<ul><li>Module Title: Wound Care: Part A </li></ul><ul><li>Sterile Dressing Change for Wounds over 48 Hours Old </li></ul>
Sterile Dressing Change <ul><li>Two Main Types of Wounds: </li></ul><ul><li>Open </li></ul><ul><li>Closed </li></ul>
Sterile Dressing Change <ul><li>Open Wounds: </li></ul><ul><li>One in which the surface of the skin or mucus membrane is n...
Sterile Dressing Change <ul><li>Closed Wounds: </li></ul><ul><li>Ones in which there is no opening in the skin or mucous m...
Sterile Dressing Change <ul><li>Factors Affecting Wound Healing: </li></ul><ul><li>Extent of injury </li></ul><ul><li>Bloo...
Sterile Dressing Change <ul><li>Types of Dressings: </li></ul><ul><li>Cean Dressing </li></ul><ul><li>Sterile Dressing </l...
Sterile Dressing Change <ul><li>Wound Care: Removing Old Dressing </li></ul><ul><li>Slowly remove tape or old bandages </l...
Sterile Dressing Change <ul><li>Wound Care: Cleaning the wound </li></ul><ul><li>Clean wound using sterile gauze pads and...
Sterile Dressing Change <ul><li>Dressings and Bandages </li></ul><ul><li>Dressings protect the wound, preventing contamina...
Sterile Dressing Change <ul><li>Wound Care: Redressing the Wound </li></ul><ul><li>Before applying the dressing, check th...
Sterile Dressing Change <ul><li>Wound Care: Dressing a Drain </li></ul><ul><li>Use Sterile Technique when working with dr...
Sterile Wound Dressing <ul><li>W ound Care: Wet-to-Dry Dressing </li></ul><ul><li>Used for wound healing or for debridem...
Sterile Wound Dressing <ul><li>Wound Care: Transparent Film and Hydrocolloid Dressing </li></ul><ul><li>Transparent film...
Sterile Dressing Change <ul><li>Hydrocolloid Dressings </li></ul><ul><li>Made of materials such as gelatin and pectin </li...
Sterile Dressing Changes <ul><li>Wound Care: Applying Bandages </li></ul><ul><li>Most are conforming and some are self ad...
 
 
<ul><li>Module Title: </li></ul><ul><li>Wound Care: Part B – Wound Irrigation </li></ul>
Wound Care: Irrigation <ul><li>Purpose : </li></ul><ul><li>to remove bacteria and debris, drainage and exudate from the w...
Wound Care: Irrigation <ul><li>Being too aggressive or not aggressive enough with irrigation could lead to damage of the w...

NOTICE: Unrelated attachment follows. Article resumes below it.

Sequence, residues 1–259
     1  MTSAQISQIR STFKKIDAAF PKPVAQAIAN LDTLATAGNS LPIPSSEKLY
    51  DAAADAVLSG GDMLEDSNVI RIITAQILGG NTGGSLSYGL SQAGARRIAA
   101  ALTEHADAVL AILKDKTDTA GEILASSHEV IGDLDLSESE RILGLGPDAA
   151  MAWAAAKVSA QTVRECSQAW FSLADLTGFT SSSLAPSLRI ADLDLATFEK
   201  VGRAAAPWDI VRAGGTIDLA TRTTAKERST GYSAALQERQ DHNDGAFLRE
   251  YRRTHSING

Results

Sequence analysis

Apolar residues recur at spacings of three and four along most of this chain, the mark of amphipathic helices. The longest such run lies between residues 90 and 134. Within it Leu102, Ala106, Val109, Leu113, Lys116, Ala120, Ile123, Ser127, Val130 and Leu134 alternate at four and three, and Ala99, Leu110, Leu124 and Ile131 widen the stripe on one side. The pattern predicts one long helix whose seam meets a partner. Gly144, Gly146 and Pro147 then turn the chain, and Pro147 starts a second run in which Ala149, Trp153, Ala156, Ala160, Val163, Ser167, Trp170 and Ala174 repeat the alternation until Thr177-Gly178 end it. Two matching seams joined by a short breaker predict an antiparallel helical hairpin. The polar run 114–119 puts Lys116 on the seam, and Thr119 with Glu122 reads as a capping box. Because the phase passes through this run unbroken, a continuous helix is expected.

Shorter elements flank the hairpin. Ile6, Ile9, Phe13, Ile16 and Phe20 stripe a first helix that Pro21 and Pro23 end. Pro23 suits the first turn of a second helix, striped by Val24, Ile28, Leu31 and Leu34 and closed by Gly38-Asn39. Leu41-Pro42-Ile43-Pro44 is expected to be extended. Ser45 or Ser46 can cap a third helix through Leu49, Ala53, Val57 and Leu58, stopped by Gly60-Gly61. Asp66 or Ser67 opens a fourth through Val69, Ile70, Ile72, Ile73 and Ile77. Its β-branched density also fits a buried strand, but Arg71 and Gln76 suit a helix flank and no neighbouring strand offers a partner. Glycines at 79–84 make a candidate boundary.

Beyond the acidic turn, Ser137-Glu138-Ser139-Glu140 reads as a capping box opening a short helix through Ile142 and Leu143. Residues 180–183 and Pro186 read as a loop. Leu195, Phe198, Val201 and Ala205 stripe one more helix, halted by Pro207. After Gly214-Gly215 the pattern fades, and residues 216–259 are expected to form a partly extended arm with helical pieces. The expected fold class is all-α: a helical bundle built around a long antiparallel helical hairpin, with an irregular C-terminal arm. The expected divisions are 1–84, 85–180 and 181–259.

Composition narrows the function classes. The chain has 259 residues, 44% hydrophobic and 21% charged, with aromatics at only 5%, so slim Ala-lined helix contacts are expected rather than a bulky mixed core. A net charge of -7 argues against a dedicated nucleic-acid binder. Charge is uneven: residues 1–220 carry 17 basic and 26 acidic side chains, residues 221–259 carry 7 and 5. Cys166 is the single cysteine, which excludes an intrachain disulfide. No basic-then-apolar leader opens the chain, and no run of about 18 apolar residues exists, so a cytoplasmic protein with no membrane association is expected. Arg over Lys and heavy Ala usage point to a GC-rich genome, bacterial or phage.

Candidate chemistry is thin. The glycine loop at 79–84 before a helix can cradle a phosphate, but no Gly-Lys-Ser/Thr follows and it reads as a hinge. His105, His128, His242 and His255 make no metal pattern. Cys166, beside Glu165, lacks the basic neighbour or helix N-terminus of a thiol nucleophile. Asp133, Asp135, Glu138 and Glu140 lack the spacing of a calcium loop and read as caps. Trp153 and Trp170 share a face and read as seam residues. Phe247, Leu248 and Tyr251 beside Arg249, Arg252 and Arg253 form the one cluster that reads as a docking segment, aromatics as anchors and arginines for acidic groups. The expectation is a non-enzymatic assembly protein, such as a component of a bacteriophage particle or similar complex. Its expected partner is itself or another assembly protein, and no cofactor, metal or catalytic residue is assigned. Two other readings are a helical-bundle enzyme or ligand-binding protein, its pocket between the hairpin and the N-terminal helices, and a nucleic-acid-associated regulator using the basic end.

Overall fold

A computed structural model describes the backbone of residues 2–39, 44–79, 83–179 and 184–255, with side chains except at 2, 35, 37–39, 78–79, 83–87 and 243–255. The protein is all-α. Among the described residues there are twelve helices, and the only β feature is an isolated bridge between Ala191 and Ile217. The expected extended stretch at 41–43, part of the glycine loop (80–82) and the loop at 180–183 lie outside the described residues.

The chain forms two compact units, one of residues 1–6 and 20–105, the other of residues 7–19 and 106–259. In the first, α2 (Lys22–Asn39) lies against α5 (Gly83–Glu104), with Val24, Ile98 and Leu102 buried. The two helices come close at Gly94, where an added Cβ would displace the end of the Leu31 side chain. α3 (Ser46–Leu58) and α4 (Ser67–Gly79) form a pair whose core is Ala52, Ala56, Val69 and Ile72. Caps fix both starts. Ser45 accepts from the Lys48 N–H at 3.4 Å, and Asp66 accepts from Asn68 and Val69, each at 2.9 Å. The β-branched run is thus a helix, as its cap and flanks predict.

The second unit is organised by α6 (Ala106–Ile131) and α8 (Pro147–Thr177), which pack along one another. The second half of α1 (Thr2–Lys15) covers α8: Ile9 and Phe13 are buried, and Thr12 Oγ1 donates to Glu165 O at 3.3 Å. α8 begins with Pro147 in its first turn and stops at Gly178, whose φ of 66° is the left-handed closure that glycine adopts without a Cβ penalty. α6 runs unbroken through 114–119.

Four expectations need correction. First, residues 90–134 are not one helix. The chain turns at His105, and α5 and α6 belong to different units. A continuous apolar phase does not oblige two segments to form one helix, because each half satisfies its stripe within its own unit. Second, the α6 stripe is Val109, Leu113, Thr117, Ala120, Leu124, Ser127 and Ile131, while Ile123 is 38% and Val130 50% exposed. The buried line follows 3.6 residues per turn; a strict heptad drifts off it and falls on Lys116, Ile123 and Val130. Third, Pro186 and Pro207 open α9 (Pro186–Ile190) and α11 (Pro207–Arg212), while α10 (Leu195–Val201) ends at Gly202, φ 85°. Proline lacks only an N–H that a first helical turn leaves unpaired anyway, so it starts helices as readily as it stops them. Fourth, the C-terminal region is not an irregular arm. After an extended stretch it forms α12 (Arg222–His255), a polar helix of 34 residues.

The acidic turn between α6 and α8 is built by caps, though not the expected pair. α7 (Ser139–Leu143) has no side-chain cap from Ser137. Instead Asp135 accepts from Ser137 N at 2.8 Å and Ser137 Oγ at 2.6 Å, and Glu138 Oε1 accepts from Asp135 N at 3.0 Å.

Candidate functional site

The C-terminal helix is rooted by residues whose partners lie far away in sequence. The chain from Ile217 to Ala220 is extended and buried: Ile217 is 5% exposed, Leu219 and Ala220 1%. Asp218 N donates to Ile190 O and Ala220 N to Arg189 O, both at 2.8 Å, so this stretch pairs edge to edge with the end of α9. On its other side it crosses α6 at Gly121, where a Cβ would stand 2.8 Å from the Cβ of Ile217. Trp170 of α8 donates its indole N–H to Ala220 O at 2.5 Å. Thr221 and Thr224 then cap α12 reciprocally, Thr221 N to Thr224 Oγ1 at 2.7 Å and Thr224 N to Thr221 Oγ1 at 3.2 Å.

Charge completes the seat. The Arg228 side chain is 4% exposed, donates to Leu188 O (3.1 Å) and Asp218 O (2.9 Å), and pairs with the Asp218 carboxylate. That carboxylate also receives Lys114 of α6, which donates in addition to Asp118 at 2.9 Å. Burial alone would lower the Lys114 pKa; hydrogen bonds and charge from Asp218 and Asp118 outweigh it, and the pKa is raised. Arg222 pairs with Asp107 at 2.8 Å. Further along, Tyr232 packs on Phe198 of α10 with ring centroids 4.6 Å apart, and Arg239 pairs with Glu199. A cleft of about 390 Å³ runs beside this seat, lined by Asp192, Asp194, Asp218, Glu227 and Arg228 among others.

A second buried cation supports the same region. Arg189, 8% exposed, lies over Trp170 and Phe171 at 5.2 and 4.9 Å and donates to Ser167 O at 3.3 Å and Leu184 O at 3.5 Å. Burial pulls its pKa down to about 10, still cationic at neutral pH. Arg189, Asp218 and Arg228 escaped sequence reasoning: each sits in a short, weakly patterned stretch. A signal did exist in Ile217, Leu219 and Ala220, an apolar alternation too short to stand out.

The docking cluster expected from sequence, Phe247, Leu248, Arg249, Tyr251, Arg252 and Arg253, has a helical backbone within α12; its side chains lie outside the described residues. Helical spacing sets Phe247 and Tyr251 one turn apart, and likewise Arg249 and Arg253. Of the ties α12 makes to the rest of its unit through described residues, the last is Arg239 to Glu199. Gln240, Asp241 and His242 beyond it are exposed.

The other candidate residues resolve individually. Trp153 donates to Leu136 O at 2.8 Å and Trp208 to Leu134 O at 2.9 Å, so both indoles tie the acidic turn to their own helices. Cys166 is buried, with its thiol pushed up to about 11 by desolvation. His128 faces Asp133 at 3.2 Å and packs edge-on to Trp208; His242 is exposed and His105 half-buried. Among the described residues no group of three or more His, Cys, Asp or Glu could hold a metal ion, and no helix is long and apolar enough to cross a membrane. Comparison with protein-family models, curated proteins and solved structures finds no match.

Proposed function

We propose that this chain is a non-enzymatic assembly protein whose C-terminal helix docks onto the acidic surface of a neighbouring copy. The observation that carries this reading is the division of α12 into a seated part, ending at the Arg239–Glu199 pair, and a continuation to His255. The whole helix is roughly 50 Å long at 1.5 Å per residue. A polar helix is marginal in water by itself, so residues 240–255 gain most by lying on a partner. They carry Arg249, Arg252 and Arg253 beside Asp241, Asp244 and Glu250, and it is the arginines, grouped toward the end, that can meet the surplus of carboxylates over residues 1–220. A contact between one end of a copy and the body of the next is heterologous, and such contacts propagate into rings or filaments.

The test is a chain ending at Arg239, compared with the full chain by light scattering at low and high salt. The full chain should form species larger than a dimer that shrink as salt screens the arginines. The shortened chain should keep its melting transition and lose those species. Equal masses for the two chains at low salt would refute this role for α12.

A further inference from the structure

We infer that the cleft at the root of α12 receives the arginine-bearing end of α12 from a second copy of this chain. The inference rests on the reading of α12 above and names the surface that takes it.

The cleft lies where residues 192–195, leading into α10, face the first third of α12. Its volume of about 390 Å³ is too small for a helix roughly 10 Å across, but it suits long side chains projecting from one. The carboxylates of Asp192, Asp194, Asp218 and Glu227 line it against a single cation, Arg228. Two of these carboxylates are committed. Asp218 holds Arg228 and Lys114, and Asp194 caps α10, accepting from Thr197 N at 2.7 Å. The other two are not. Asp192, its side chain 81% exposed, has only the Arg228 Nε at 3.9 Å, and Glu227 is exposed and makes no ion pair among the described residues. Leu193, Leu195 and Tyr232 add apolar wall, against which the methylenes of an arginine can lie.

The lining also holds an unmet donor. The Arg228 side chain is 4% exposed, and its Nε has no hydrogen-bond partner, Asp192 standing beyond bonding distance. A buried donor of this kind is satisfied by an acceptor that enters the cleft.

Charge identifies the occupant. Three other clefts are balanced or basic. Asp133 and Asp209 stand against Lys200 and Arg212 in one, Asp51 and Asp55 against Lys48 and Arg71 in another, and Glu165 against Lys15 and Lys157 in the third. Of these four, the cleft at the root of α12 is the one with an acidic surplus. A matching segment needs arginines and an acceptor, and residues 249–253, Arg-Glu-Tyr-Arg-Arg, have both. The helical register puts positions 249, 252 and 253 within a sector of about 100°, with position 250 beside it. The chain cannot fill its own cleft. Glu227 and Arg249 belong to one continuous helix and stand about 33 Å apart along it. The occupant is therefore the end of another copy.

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Na Ii Ppt Module 4

Published on: Mar 3, 2016
Published in: Education      Health & Medicine      Business      
Source: www.slideshare.net


Transcripts - Na Ii Ppt Module 4

  • 2. <ul><li>Module Title: Wound Care: Part A </li></ul><ul><li>Sterile Dressing Change for Wounds over 48 Hours Old </li></ul>
  • 3. Sterile Dressing Change <ul><li>Two Main Types of Wounds: </li></ul><ul><li>Open </li></ul><ul><li>Closed </li></ul>
  • 4. Sterile Dressing Change <ul><li>Open Wounds: </li></ul><ul><li>One in which the surface of the skin or mucus membrane is no longer intact, usually from an accident or surgical incision </li></ul><ul><li>Types : </li></ul><ul><li>Incision- clean separation of skin and tissue with smooth edges </li></ul><ul><li>Laceration- separation of skin and tissue with irregular edges </li></ul><ul><li>Abrasion- surface layers of the skin are scraped away </li></ul><ul><li>Avulsion- stripping away of a large area of skin and underlying tissue, leaving bone and cartilage exposed </li></ul><ul><li>Ulceration- shallow crater in which skin or mucous membrane are missing </li></ul><ul><li>Puncture- opening of skin, underlying tissue, or mucous membrane caused by a sharp pointed narrow object </li></ul>
  • 5. Sterile Dressing Change <ul><li>Closed Wounds: </li></ul><ul><li>Ones in which there is no opening in the skin or mucous membrane usually caused by blunt trauma or pressure </li></ul><ul><li>Types of Closed Wounds: </li></ul><ul><li>Contusion- injury to soft tissue underlying the skin from the force of contact with a hard object </li></ul>
  • 6. Sterile Dressing Change <ul><li>Factors Affecting Wound Healing: </li></ul><ul><li>Extent of injury </li></ul><ul><li>Blood supply </li></ul><ul><li>Type of injury </li></ul><ul><li>Presence debris </li></ul><ul><li>Presence of infection </li></ul><ul><li>Health of Patient </li></ul>
  • 7. Sterile Dressing Change <ul><li>Types of Dressings: </li></ul><ul><li>Cean Dressing </li></ul><ul><li>Sterile Dressing </li></ul><ul><li>Dressing a Drain </li></ul><ul><li>Wet-to-Dry Dressings </li></ul><ul><li>Transparent Film and Hydrocolloid Dressings </li></ul>
  • 8. Sterile Dressing Change <ul><li>Wound Care: Removing Old Dressing </li></ul><ul><li>Slowly remove tape or old bandages </li></ul><ul><li>Remove old dressing </li></ul><ul><li>Apply small amounts of Normal Saline to gauze if sticking to wound and debridement is not the goal of the ordering MD. </li></ul><ul><li>Note color, odor and amount of drainage on dressing </li></ul><ul><li>Observe wound for s/s of infection, granulation, necrotic tissue, slough </li></ul><ul><li>Notify nurse to assess the patient before redressing </li></ul><ul><li>Cleanse the wound </li></ul>
  • 9. Sterile Dressing Change <ul><li>Wound Care: Cleaning the wound </li></ul><ul><li>Clean wound using sterile gauze pads and ordered cleaning solution </li></ul><ul><li>Know the directions for use of the cleaning product </li></ul><ul><li>Cleanse linear/surgical wounds from top to bottom from clean to less clean areas </li></ul><ul><li>Use new gauze for each stroke </li></ul><ul><li>Work outward in parallel lines/ Do not rub back and forth </li></ul><ul><li>Cleanse open wounds in half circles or full circles. </li></ul><ul><li>Begin at center and work outward to one inch beyond the edge of the dressing. </li></ul><ul><li>Use a new gauze for each circle </li></ul>